Wichita Personal Injury Lawyer

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There are several personal injury laws that are governed by state laws in Kansas, including Wichita. These laws can cover a wide range of issues related to personal injury claims, including car accidents, slip and fall cases, medical malpractice, and more.

Here are some key aspects of personal injury laws in Kansas, which would apply in Wichita:

Statute of Limitations: In Kansas, there is a statute of limitations that sets a time limit on how long you have to file a personal injury lawsuit after an injury occurs. Typically, the statute of limitations for personal injury cases in Kansas is two years from the date of the injury.

Comparative Negligence: Kansas follows a modified comparative negligence system. This means that if you are partially responsible for your injury, your compensation may be reduced proportionally. If your degree of fault is found to be 50% or more, you may not be eligible to recover any damages.

No-Fault Insurance: Kansas is a “no-fault” state for car insurance, which means that your own insurance company may pay for your medical expenses and lost wages regardless of who was at fault in a car accident. However, you can still pursue a personal injury lawsuit in certain circumstances, particularly if your injuries meet specific criteria under state law.

Caps on Damages: Kansas may impose caps (meaning a maximum limit) on certain types of damages in personal injury cases, particularly non-economic damages like pain and suffering. These caps can vary depending on the type of case and the circumstances.

Please note that the application of these laws can change based on the unique scenario of each personal injury case. For example, it may not be immediately apparent that an injury occurred due to someone else’s negligence. In such situations, Kansas follows the “discovery rule.” This rule allows the two-year statute of limitations period to begin when the plaintiff discovers or reasonably should have discovered the injury and its connection to the defendant’s actions.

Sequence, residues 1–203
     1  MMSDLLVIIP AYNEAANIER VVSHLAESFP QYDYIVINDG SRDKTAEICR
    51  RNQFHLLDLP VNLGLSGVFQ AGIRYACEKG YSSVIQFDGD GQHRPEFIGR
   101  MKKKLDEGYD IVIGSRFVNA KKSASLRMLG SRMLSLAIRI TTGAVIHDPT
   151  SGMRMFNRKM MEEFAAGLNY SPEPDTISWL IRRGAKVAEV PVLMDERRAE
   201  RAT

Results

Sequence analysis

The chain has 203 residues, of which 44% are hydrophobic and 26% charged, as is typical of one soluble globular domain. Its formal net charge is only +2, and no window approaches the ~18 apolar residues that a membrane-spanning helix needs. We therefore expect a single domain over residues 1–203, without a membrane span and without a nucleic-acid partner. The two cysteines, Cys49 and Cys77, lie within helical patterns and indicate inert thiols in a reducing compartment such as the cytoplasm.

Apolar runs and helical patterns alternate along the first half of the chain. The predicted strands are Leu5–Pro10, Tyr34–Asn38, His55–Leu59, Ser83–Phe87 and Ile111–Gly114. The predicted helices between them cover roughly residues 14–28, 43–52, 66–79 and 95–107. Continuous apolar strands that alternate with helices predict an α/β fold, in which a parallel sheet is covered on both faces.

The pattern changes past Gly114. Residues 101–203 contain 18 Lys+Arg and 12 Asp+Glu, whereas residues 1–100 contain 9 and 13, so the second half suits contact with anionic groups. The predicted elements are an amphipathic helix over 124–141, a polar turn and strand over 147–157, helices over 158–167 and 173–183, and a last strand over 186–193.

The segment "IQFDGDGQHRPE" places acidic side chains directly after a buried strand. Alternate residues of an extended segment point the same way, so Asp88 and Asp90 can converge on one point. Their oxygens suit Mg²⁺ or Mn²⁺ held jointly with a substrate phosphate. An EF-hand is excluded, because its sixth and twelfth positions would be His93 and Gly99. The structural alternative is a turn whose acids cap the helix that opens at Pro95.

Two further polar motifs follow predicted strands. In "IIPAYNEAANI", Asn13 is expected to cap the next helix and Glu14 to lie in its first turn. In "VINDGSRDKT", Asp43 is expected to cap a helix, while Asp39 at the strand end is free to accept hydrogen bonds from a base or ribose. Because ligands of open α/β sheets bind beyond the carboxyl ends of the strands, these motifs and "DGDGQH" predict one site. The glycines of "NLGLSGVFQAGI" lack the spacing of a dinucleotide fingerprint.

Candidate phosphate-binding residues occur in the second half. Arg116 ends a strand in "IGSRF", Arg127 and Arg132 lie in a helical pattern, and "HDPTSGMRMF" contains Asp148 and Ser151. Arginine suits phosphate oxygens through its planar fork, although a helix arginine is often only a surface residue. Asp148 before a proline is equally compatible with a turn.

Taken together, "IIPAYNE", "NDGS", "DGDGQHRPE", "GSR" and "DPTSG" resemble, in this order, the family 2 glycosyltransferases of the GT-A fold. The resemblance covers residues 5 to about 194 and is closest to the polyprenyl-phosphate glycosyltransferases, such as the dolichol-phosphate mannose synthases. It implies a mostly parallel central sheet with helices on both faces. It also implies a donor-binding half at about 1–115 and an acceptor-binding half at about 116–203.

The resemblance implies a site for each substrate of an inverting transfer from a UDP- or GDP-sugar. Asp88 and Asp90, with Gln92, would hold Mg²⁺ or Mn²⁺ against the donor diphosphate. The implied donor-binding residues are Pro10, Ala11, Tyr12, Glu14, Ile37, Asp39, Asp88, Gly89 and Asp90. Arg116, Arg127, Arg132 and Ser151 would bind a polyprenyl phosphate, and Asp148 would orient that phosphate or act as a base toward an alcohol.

As well, if the injured person is a minor at the time of the injury, the two-year statute of limitations typically doesn’t begin until they turn 18. However, there can be exceptions and nuances in cases involving minors, so it’s essential to consult with an attorney. 1-800-Injured is a medical and legal referral network and we can connect you with one.

When filing a personal injury claim against a governmental entity or agency in Kansas, such as a city or county, there are typically shorter deadlines and specific notice requirements that must be followed. Failure to adhere to these rules can result in the loss of the right to pursue a claim.

In certain situations, the statute of limitations period may be “tolled” or temporarily suspended. This can happen, for example, if the injured person is mentally incapacitated or a defendant leaves the state, making it difficult to serve them with legal papers.

All of these exceptions to the statute of limitations is why it’s essential to consult with an attorney who specializes in personal injury cases in Wichita, Kansas to get the most up-to-date information and guidance specific to your situation. Contact 1-800-Injured to begin your case.

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